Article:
Ties between the Illinois Department of Children and Family Services and foster care provider Catholic Charities are shaky after the state child welfare agency refused to renew several of Catholic Charities’ contracts. The contracts affected the Catholic
Ties between the Illinois Department of Children and Family Services and foster care provider Catholic Charities are shaky after the state child welfare agency refused to renew several of Catholic Charities’ contracts. The contracts affected the Catholic Charities of Peoria, Springfield and Joliet.
DCFS accuses Catholic Charities of not complying with a new state law that, among other protections, allows same-sex couples to adopt children.
DCFS Director Erwin McEwen said in a letter to Catholic Charities dated Friday, that was e-mailed to the Defender by a Catholic Charities spokesman, “…your agency has made it clear that it does not intend to comply with the Illinois Religious Freedom Protection and Civil Union Act. That law applies to foster care and adoption services.”
The Illinois Religious Freedom Protection and Civil Union Act, signed into law by Gov. Pat Quinn earlier this year, provides “persons entering into a civil union with the obligations, responsibilities, protections, and benefits afforded or recognized by the law of Illinois to spouses.”
The letter was addressed to Patricia Fox, CEO of Catholic Charities, and stated plainly that the state agency would not renew the contract between the parties.
But Catholic Charities fired back and filed for an emergency injunction and temporary restraining order against the DCFS decision. Tuesday, Catholic Charities prevailed in court – for now. llinois Judge John Schmidt granted the three Catholic Charities chapters a preliminary injunction, allowing them to continue their service to the children under their care for foster care and adoptions. The next hearing is scheduled for Aug. 17
Catholic Charities looks forward to the opportunity to continue as a foster care provider for DCFS while staying committed to its religious values. Section 15 of the Act states that nothing in its text “shall interfere with or regulate the religious practices of any religious body.”
“Catholic Charities should be able to continue what they’re doing working with the state and part of the principle is that if someone is in a civil union and they do want to adopt, catholic charities is not their only choice,” Tom Ciesielka, a representative for the Thomas Moore Society, a non-profit law firm providing the legal representation for the Peoria, Joliet, and Springfield Catholic Charities dioceses, told the Defender before Tuesday’s court hearing. “There are dozens of organizations throughout the state that they can go. No one is being denied or being discriminated against; it’s just a matter of choice.”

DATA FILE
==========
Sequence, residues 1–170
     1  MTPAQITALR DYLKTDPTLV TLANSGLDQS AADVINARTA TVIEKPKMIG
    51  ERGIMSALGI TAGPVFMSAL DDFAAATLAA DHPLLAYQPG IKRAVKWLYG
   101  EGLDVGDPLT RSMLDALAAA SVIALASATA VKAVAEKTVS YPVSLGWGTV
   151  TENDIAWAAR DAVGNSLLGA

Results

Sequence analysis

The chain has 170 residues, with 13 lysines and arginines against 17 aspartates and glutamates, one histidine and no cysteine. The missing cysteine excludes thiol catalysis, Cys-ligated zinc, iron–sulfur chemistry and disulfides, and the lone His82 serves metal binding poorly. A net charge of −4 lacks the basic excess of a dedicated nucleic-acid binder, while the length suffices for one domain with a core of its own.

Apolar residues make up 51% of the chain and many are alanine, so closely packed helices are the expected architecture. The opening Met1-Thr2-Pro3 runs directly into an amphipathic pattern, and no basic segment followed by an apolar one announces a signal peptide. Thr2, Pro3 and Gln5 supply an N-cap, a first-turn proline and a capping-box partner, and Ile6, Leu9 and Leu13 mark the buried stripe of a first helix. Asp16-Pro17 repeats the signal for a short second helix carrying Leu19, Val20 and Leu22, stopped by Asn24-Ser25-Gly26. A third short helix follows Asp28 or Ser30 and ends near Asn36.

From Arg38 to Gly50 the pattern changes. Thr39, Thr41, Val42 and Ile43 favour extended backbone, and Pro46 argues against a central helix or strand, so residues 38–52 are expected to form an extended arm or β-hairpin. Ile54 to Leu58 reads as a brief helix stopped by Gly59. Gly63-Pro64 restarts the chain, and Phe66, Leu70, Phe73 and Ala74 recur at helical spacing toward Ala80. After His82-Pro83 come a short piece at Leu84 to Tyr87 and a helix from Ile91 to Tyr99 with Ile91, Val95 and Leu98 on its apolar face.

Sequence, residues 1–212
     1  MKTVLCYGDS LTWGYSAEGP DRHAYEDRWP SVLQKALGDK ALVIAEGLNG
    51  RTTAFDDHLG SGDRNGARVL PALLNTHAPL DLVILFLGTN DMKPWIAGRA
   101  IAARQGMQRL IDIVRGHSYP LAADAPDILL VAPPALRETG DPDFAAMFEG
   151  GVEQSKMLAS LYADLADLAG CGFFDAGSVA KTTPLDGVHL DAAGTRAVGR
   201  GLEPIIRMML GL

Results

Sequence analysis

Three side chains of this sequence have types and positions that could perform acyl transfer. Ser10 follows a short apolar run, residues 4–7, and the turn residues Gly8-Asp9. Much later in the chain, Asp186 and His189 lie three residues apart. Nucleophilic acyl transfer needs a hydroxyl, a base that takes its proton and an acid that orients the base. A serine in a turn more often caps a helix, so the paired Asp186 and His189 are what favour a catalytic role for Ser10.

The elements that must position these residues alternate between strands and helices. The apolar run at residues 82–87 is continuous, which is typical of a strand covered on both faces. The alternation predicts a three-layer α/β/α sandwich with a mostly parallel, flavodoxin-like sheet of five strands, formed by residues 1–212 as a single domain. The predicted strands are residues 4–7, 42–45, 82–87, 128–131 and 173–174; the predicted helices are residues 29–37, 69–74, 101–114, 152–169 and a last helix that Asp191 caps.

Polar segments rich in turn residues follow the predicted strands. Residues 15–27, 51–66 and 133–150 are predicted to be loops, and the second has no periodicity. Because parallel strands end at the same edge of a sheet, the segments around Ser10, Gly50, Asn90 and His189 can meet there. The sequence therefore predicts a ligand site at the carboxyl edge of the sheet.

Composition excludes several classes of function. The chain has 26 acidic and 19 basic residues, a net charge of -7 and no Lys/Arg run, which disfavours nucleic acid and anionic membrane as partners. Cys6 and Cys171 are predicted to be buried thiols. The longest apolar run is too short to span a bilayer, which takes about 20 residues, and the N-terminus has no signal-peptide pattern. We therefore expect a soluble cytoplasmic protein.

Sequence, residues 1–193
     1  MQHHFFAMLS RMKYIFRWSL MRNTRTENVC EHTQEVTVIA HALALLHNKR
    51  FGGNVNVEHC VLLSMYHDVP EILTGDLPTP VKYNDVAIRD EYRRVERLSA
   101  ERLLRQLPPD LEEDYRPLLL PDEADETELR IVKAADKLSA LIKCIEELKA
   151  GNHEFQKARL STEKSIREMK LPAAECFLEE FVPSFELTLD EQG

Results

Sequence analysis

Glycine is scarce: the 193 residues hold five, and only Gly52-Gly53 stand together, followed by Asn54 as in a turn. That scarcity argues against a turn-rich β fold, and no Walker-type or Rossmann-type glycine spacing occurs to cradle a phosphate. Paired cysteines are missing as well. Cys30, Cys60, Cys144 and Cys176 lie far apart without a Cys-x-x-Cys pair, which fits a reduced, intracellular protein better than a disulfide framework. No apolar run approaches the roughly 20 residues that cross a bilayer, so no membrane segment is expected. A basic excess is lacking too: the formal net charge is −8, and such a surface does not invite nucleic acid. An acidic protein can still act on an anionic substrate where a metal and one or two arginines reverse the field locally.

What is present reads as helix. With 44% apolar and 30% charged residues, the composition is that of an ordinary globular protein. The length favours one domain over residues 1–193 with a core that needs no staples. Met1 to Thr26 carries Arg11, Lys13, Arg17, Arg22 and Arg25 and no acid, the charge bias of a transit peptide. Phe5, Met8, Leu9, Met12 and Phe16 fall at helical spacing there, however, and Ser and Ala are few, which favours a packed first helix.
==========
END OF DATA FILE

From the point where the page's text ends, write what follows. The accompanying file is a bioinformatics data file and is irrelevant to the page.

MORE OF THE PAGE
With the reported decline of Illinois children in foster care dropping from just over 52,000 in 1997 to 15,500 as of this year, the Department of Children and Family Services is no stranger to the loss of partnerships.
Catholic Charities of Chicago and Rockford dropped their foster care programs in 2007 and June of this year, respectively. Rockford was out due to the Act.
DCFS spokesman, Kendall Marlowe, said that these occurrences have happened before and that if the remaining dioceses choose to break partnership, neither the children nor the Illinois foster care system will be at a loss.
“There have been several other situations where agencies have stopped providing foster care services and we have transferred those cases to another agency,” Marlowe told the Defender. “In making a transition like this we have a very strong community of private, non-profit child welfare providers who are able to step up and take on these cases.”
Following Tuesday’s court hearing, Jimmie Whitelow, another DCFS spokesman, said the state agency’s immediate response was short and simple: “Once we receive the court order, we will review it.”
But for now, Catholic Charities is not reserved in its happiness with the court’s decision.
“This is a great win for the 2,000 children under the care of Catholic Charities, protecting these kids from the grave disruption that the state’s reckless decision to terminate would have caused,” Peter Breen, executive director and legal counsel of Thomas More Society, said after the judge’s ruling.
“We will continue this fight until all young people in need now and in the future are guaranteed their right to receive the high-quality foster and adoption care that the Catholic Church has provided for over a century to Illinois children.”
Marlowe said DCFS remains firm in its decision to refuse a contract to the four remaining Catholic Charities dioceses if they continue to refuse their compliance with the Civil Union Act.
Copyright 2011 Chicago Defender